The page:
Matt has been with Audubon since 2006 when he came on board to support Audubon’s Education and International Alliances work. He was quickly promoted into a management role for Audubon’s international conservation programs, working with a number of countries, including Mexico, Panama, Belize, Bahamas, Argentina and Paraguay. Matt is especially focused on protecting Important Bird Areas in Latin America and the Caribbean for Neotropical migrant bird populations. As the stepson of an animal keeper in the UK, Matt worked with animals since he was a boy. His more than 15 years of international conservation experience includes several years in Southeast Asia where his commitment to conservation took shape while he was living and working in Thailand and Cambodia. While there he helped advance a variety of conservation projects including the establishment of a 1 million acre forest reserve in the Cardamom Mountains, with Conservation International. Matt has his BSc. Degree from Kings College, University of London.
Chapter Meetings are held the second Monday of the indicated months in the 2nd floor Community Room, LCNB building, 30 Park Place West at 7:30 PM in uptown Oxford unless otherwise noted (n.b). All meetings are open to the public.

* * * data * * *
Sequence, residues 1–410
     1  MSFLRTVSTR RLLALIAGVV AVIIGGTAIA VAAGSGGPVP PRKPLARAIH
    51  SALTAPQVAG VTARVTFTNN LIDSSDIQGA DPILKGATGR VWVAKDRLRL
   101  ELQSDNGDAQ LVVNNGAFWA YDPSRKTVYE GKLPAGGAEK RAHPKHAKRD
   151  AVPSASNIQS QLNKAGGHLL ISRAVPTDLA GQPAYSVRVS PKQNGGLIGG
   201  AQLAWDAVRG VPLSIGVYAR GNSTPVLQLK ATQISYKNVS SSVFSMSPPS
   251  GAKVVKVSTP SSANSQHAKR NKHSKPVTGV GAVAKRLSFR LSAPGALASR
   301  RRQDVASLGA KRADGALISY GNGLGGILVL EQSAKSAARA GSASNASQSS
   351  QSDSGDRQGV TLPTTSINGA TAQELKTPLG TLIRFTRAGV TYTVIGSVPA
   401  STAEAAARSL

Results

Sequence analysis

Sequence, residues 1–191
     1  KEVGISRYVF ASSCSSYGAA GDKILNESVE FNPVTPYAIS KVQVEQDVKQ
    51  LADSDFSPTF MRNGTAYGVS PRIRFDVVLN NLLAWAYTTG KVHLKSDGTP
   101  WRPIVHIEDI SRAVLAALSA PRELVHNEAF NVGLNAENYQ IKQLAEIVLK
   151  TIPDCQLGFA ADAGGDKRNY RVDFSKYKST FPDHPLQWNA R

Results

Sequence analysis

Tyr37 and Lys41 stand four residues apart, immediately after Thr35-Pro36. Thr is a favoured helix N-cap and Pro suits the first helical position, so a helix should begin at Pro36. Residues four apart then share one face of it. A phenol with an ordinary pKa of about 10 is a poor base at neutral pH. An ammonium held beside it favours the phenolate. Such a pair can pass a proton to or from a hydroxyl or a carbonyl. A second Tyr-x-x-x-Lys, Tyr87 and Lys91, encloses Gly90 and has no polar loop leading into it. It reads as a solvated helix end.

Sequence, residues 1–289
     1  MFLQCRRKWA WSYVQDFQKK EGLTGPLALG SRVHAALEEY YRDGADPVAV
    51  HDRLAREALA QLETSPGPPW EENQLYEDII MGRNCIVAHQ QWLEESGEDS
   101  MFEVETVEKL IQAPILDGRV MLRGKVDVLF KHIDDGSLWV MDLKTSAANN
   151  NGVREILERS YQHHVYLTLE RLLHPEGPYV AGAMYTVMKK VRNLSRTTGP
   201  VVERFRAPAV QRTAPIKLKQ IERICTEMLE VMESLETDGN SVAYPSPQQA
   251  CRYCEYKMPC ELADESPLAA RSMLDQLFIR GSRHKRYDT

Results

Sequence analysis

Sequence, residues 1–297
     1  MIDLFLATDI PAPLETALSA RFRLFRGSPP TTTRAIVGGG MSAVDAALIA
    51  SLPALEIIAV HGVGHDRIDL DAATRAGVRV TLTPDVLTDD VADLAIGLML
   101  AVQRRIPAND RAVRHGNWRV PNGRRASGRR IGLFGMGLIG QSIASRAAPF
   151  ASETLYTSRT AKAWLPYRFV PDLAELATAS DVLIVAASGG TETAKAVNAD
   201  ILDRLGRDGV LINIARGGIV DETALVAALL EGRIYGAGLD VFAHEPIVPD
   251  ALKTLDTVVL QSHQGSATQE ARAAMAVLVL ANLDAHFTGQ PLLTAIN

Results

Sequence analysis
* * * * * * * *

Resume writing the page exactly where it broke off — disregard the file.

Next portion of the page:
The Miami University Natural Areas encompass over one thousand acres and seventeen miles of hiking trails, forming a green crescent around the east side of the City of Oxford. The well-maintained trails will allow for a pleasant winter walk led by Natural Areas Field Manager Jim Reid. Information about the Natural Areas, including a link to a downloadable map, is available at http://miamioh.edu/student-life/natural-areas/trails/index.html. The walk will start at 9:30 a.m. at the parking area for the DeWitt Log Cabin, just off of SR73 east of Oxford, and will conclude around noon. Bring binoculars if possible, plus snacks if desired.
The Cincinnati Zoo and Botanical Garden is currently reestablishing a wetland on a farm in Warren County. Donated to the Zoo, this property, historically a wet place on the landscape is now being reestablished as a 25 acre wetland through grants and volunteer labor. You will see how the zoo is using its growing facilities to produce plants for this project. Within the last year, over 125 species have been found on the property including bald eagle, sand hill cranes, and nesting blue grosbeaks.
Brian F. Jorg, Manager of Native Plant Program at the Cincinnati Zoo & Botanical Garden, joined the organization in 2004. Prior to joining the Zoo, Brian was a horticulturist at Spring Grove Cemetery and Arboretum, a national historic landmark, for 15 years. His responsibilities include managing the Native Plant Program that includes the conservation, education, and promotion of native flora. Finding more efficient ways of propagation and cultivation are a prime goal of this program and these protocols can be used on rare and endangered plants in conservation efforts. Brian also manages the tulip display, in which over 100,000 bulbs are planted seasonally. Brian’s passion is outdoor photography and his photographs have been published in various books, magazines, field guides, calendars, advertisements and greeting cards. Numerous institutions use Brian’s images in their educational displays. Brian leads trips all over the world and in April 2015 he will lead a 14 day wildlife expedition to Argentina and Brazil including Buenos Aires and Iguazu Falls.